Suzanne Tobias

Fun horseplay is nothing to worry about

It's taken a while, but I can finally watch my husband hold our son upside down, vampire bat-style, and swing him back and forth just inches above the floor without gasping and running out of the room.

I've learned to accept, if not embrace, roughhousing.

So I smiled when I saw a new book titled "The Art of Roughhousing: Good Old-Fashioned Horseplay and Why Every Kid Needs It" (Quirk Books, $14.95).

Anthony DeBenedet, a doctor and a father of three, partnered with psychologist Lawrence Cohen, author of "Playful Parenting," to write the overdue salute to pillow fights, fireman's carries, mattress jumping and other rough-and-tumble activities.

"Sadly, among today's families, roughhousing barely limps along on life support," the authors write.

"What was once a motto of Safety First has evolved into a fretful new motto of Safety Only. Many parents are more frightened by skinned knees and bruised feelings than life's real dangers: stifled creativity and listless apathy."

The men claim — and I agree — that active physical play nurtures kids' bodies, brains and souls. It makes them smarter, more joyful and physically fit. It helps them manage emotions. It builds friendships and parental bonds. It teaches self-control, fairness and empathy.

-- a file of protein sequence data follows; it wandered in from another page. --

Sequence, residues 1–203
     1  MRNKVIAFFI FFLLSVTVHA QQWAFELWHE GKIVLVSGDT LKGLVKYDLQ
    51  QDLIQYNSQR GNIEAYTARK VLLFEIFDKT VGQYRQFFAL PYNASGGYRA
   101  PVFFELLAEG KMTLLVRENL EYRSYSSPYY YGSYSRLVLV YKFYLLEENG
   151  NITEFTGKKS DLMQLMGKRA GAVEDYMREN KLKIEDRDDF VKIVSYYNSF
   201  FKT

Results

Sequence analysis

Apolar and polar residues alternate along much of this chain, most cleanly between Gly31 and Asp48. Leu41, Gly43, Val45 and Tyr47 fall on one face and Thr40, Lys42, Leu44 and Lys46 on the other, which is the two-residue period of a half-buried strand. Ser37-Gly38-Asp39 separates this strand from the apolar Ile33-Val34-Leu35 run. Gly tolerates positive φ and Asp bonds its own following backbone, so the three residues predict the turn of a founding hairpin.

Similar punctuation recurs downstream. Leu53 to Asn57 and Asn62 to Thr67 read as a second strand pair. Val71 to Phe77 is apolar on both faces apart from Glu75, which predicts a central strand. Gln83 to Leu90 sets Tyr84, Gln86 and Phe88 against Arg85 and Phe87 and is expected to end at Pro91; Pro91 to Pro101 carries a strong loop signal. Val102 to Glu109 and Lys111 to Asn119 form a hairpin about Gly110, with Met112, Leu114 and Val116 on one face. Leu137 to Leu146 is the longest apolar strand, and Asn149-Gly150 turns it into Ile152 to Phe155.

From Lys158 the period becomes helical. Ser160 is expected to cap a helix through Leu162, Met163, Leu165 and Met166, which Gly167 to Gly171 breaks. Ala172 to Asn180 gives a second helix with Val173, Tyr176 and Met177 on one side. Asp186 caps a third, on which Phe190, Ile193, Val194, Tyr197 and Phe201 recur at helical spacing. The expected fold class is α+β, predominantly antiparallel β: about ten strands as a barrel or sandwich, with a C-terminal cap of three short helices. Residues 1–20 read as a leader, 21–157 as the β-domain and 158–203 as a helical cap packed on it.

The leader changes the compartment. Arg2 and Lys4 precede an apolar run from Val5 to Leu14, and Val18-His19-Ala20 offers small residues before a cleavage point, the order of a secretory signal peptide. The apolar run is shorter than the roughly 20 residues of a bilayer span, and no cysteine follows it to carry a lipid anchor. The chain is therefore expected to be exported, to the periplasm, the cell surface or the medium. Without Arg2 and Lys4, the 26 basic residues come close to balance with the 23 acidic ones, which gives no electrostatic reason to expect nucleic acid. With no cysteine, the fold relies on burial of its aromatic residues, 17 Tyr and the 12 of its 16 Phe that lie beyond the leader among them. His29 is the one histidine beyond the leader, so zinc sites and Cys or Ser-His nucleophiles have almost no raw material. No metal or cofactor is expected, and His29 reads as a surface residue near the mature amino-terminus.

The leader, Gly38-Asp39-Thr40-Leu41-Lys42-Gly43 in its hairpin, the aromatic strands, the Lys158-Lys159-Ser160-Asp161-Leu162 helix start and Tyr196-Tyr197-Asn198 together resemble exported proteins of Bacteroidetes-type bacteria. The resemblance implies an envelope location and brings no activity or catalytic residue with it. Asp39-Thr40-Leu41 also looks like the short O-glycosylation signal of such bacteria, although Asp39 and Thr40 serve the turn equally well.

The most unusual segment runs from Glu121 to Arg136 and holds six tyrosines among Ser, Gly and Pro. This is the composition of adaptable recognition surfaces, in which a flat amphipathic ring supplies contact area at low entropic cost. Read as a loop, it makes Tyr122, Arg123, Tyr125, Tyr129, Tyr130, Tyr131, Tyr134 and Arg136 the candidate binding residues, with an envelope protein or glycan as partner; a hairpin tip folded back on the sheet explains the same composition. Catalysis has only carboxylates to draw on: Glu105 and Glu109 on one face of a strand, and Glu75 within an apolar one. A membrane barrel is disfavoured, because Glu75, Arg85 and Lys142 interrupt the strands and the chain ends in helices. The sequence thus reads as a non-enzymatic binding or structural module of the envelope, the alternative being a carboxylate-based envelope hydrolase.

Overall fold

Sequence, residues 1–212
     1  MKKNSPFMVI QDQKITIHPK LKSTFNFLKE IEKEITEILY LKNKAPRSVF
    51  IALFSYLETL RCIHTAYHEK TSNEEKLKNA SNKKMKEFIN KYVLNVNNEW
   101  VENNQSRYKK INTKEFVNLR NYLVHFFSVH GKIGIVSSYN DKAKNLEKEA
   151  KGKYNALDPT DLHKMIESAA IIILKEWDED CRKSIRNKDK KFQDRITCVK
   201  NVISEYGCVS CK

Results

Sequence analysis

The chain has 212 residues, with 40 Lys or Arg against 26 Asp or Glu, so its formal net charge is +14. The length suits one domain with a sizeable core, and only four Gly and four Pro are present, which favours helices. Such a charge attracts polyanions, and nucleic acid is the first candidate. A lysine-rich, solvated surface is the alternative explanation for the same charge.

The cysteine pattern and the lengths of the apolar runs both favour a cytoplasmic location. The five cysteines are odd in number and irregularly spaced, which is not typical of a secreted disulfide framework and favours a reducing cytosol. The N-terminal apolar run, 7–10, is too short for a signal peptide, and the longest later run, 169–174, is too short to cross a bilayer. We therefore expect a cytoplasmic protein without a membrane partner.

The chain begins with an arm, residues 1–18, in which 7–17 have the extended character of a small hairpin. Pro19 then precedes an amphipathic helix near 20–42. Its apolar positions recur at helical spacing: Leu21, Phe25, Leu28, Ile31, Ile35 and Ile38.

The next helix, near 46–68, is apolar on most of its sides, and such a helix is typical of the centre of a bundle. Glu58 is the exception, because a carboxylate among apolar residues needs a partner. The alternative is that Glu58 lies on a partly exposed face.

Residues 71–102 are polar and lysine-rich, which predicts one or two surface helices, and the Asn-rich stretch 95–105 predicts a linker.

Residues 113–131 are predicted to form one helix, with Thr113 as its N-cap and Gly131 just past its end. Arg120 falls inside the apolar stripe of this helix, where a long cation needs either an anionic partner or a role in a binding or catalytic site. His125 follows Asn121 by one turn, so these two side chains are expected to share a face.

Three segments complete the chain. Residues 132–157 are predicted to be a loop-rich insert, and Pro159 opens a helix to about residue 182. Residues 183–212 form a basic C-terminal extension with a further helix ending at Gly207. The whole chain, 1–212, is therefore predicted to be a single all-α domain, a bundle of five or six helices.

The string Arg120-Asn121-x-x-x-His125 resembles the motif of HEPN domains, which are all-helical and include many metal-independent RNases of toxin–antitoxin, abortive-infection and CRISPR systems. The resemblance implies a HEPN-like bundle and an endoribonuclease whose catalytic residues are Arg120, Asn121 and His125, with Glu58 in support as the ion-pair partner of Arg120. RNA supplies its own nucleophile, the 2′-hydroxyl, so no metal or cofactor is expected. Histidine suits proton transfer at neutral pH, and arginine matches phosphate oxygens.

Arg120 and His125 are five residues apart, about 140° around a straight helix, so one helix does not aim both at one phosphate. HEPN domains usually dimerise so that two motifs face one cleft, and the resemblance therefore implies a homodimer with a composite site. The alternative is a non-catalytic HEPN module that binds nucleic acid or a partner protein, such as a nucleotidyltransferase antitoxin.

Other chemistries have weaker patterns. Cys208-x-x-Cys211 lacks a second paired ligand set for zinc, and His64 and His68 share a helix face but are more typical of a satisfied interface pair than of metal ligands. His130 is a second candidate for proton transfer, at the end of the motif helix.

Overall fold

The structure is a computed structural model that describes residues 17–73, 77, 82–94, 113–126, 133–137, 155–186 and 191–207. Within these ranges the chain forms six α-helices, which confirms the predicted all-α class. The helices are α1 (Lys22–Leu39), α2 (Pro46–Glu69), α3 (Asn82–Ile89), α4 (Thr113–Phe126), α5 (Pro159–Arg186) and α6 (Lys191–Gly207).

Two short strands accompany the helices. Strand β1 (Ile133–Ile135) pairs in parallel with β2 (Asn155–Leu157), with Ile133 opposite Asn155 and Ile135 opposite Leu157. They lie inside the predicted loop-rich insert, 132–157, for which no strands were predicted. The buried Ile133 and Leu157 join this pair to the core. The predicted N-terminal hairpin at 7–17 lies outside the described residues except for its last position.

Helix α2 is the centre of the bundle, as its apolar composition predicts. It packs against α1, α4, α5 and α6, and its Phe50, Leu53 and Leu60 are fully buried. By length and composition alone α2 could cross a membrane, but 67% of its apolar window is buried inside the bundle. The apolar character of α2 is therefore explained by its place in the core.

That's worth a few grass stains and rumpled bedspreads, no?

We spent a day with friends recently, relaxing and chatting on their backyard patio. As afternoon morphed into evening, our gaggle of kids romped and tumbled in the yard, playing soccer and tag. Every now and then we'd hear a scream, sometimes a chorus of them, in the darkness. I joked about what the neighbors must think.

Matthew, a father of four, said he had talked with a neighbor shortly after moving into the house. He wanted to apologize for the boisterous noises that he knew would be noticeable in the serene, upscale neighborhood.

"Don't apologize," the woman told him. "It's nice to hear kids playing outside."

Indeed, the only roughhousing some kids experience these days is the virtual horseplay in video games. DeBenedet's book not only advocates for rowdy play but offers detailed instructions for the uninitiated or anxious parent.

I laughed at the "Lumpy Cushion" on page 38, one of my husband's favorites. (Sit atop child on couch, complain that the cushions seem lumpy, feign surprise when you realize the lumps are your kid.)

Randy, Jack and Hannah also love the Human Cannonball, the Ninja Warrior, the Cliffhanger and the Wacky Whirling Dervish, though none of us realized these activities had names.

Our family could add a few entries to the new roughhousing guide, including Beast Fight and Slap You Silly. And there are some in the book that my kids can't wait to try, like Futaleufu Mattress Rafting (riding a mattress down a staircase).

Do me a favor and pardon the screams.